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The Star Online: Metro: South & East

Nepal glaciers shrink by quarter in 30 years

Posted: 23 May 2014 06:30 AM PDT

KATHMANDU, May 23, 2014 (AFP) - Climate change has caused Nepal's Himalayan glaciers to shrink by nearly a quarter in just over 30 years, raising the risk of natural disasters in the ecologically fragile region, a scientist said Friday.

A new study by the Kathmandu-based International Centre for Integrated Mountain Development (ICIMOD) shows that the area covered by glaciers has decreased by 24 per cent between 1977 and 2010.

Samjwal Ratna Bajracharya, lead author of the report, told AFP, "the shrinking of glaciers in Nepal is definitely connected to climate change, glacial melt is a huge indicator of rising temperatures."

The Norway-funded research project led by ICIMOD took three years to complete, as scientists mapped satellite imagery from several decades to see the extent of ice loss in the region.

The fastest decline occurred between 1980 and 1990, Bajracharya said, adding that prior to the late 1970s, satellite imagery reflected little change in Nepal's glacial area.

He said the glacial melting is creating huge, expanding lakes that threaten to burst and devastate mountain communities living downstream.

The accelerated glacial loss raises concerns over future access to water resources, particularly in regions where groundwater is limited and monsoon rains are erratic.

"If the trend continues, the immediate impact will be felt by those living in high-altitude regions, who are dependent on freshwater reserves from glaciers," Bajracharya said.

The findings, published earlier this month, also sound alarm bells for Nepal's push to develop hydropower projects.

"Nepal cannot use its water resources to develop the country without assessing the state of our glaciers and river basins," he said.

A government report in India recently blamed hydropower projects for devastating floods last year that killed thousands in India and Nepal.

The government panel said the build up of sediment in rivers, due to the dumping of soil that was dug up during construction of hydropower projects, exacerbated flooding when record-high rainfall hit the region last June.

British woman found dead in Bali villa

Posted: 23 May 2014 06:03 AM PDT

DENPASAR, Indonesia, May 23, 2014 (AFP) - A British woman was found dead in her rented villa on the holiday island of Bali, an embassy official said Friday, while Indonesian police suspect the victim was murdered.

Police said 40-year-old Anne Marie Drozdz was found dead in the cultural tourism district of Ubud on Thursday afternoon and that there were signs her villa had been broken into.

"She was found by the owner of the villa lying dead on the floor with a black cloth over her face," Gianyar district police chief Komang Sandi Arsana told reporters.

"The door was damaged and there were dried up pools of blood on the floor," he said, adding that police suspected murder but awaited autopsy results to confirm the cause of death.

The woman had been renting the villa since May 17, police said.

Ida Bagus Putu Alitin, head of forensics at Sanglah Hospital in the city of Denpasar, said that the woman's body exhibited bruises on the neck and around the mouth.

"But we will wait until permission from her family and police to carry out an autopsy," Alitin said.

A British embassy spokesman in Jakarta confirmed the death, adding that embassy officials were "ready to provide assistance to the family" and that they were cooperating with local authorities.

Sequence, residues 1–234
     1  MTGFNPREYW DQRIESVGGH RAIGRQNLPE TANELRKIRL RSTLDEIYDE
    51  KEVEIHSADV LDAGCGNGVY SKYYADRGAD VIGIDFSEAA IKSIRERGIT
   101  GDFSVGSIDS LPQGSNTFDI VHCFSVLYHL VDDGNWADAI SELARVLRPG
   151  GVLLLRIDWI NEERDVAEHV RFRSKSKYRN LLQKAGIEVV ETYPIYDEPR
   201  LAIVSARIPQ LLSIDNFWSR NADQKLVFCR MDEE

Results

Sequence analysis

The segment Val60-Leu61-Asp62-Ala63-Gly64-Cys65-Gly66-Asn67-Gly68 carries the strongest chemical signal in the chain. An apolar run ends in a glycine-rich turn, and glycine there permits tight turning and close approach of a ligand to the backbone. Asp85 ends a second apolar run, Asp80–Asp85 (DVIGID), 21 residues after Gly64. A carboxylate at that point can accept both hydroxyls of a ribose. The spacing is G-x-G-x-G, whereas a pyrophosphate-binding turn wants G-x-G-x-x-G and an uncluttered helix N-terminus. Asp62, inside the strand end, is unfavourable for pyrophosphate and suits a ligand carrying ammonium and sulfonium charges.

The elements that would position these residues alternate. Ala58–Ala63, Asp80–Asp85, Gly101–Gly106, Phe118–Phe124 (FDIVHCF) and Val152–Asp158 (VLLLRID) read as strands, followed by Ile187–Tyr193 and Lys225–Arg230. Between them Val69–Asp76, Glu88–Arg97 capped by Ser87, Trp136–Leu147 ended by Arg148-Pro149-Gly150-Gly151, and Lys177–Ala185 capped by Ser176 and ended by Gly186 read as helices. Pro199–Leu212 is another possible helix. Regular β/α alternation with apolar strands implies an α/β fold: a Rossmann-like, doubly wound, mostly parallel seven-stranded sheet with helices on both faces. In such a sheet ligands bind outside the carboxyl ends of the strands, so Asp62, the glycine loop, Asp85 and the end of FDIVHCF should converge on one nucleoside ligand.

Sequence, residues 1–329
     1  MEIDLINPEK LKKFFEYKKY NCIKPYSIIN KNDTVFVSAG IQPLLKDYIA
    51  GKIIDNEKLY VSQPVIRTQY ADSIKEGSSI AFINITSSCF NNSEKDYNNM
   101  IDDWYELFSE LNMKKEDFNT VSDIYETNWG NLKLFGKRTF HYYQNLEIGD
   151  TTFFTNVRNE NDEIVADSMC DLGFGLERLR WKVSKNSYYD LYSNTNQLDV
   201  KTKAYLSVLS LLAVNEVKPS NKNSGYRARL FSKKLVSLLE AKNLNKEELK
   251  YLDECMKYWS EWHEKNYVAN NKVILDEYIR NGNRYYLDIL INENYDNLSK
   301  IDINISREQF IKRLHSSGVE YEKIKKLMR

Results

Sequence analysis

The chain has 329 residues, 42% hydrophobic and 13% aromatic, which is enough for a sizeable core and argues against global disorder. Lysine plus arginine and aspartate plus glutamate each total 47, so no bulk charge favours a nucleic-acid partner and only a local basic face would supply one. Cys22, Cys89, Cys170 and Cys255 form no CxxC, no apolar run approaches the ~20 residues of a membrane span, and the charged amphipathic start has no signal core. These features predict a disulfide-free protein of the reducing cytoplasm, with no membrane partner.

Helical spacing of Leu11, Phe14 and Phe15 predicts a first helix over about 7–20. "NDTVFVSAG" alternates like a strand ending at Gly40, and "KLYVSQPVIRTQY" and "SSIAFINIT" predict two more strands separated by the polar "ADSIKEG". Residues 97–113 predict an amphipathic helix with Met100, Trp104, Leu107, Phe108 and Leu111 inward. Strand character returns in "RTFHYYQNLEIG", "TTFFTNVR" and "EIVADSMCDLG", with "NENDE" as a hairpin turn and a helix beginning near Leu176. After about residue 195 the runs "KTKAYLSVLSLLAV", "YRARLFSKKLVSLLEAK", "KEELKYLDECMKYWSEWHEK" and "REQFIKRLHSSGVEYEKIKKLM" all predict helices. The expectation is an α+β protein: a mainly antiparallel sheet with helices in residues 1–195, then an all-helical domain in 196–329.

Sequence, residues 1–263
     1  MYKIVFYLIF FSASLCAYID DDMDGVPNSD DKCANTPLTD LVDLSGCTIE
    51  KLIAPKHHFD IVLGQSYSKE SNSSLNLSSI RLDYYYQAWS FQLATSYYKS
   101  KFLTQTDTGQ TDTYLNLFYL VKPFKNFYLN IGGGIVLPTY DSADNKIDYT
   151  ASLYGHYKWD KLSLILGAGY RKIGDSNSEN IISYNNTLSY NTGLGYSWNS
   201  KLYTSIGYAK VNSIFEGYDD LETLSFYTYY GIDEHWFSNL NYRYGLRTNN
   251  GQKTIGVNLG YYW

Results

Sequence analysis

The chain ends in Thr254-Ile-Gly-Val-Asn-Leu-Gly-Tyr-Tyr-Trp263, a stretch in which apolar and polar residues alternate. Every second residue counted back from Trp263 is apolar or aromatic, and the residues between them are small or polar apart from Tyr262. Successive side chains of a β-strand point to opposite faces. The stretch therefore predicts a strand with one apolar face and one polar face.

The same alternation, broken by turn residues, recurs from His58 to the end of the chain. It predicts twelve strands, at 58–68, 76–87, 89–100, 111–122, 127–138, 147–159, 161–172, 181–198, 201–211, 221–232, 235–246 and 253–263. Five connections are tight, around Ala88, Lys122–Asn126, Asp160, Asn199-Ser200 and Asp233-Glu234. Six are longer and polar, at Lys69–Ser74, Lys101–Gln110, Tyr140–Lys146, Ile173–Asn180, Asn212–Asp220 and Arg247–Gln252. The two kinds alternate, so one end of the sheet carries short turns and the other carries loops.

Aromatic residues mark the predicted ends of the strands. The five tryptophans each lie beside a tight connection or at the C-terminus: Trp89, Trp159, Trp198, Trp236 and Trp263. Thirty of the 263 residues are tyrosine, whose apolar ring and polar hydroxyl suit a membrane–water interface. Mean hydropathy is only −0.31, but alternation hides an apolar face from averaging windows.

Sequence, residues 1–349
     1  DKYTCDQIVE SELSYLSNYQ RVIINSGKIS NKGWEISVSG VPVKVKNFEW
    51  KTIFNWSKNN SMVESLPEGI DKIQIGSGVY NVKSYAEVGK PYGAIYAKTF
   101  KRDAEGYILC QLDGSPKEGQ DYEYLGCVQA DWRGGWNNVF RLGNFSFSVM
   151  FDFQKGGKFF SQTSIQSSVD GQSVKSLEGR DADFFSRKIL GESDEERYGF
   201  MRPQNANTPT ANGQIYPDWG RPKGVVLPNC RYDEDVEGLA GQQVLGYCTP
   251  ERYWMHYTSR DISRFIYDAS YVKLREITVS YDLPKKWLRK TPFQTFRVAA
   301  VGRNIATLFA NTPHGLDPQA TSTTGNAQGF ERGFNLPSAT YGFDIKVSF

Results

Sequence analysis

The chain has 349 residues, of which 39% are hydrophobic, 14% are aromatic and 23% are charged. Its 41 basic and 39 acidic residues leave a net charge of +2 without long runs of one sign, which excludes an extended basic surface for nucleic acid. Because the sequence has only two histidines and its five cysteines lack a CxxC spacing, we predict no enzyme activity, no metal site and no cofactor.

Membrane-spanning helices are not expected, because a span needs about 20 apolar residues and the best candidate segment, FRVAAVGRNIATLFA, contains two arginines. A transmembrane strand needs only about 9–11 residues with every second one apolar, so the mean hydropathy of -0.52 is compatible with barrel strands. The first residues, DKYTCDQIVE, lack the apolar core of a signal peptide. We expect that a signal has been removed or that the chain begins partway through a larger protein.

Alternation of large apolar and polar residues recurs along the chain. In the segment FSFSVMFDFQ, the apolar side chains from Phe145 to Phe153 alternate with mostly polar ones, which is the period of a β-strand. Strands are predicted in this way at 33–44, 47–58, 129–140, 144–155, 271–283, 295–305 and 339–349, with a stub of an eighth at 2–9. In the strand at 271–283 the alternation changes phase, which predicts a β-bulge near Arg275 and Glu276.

Broadcaster shot dead in southern Philippines

Posted: 23 May 2014 04:03 AM PDT

DAVAO, Philippines, May 23, 2014 (AFP) - Gunmen shot dead a radio broadcaster in the violence-stricken southern Philippines on Friday - the latest in a string of deadly attacks on journalists, police said.

Samuel Oliverio was driving his motorcycle with his wife riding pillion when he was attacked by two men on another motorcycle in Digos city, about 960 kilometres (597 miles) south of the Philippine capital.

"I heard a loud bang and thought one of the motorcycle's tyres had exploded. It was only after the second explosion that I realised Sammy had been shot," Rowena Oliverio said, using her husband's nickname.

The 57-year-old was a known critic of illegal gambling and drugs and worked as a commentator on Radio Ukay and Supreme Radio in Digos city on Mindanao island.

A press group said his death shows a failure by the government to stop journalists' murders amid a culture of impunity where some criminals believe political connections will help them avoid punishment.

The National Union of Journalists of the Philippines said 32 media workers had been murdered since President Benigno Aquino took office in 2010, despite a pledge to take action.

Presidential spokesman Edwin Lacierda told AFP Aquino had ordered the justice department to investigate Oliverio's murder.

"We fully respect the freedom of the press. We are serious in our resolve to make sure to prosecute the people who have committed these dastardly acts," he added.

A special justice department task force has separately been investigating the murder of journalists, Lacierda said.

Oliverio was the second Filipino broadcaster to be shot on Mindanao in less than three weeks, according to police. A tabloid reporter was also shot dead near Manila last month.

The New York-based Committee to Protect Journalists said 76 journalists had been murdered in the Philippines in connection with their work since 1992.

It placed the Philippines third in its "impunity index", indicating the most dangerous places for journalists to work.

In one of the worst instances of such crimes, 32 journalists were among 58 people kidnapped and massacred, allegedly by a powerful political clan, in the southern province of Maguindanao in November 2009.

Kredit: www.thestar.com.my

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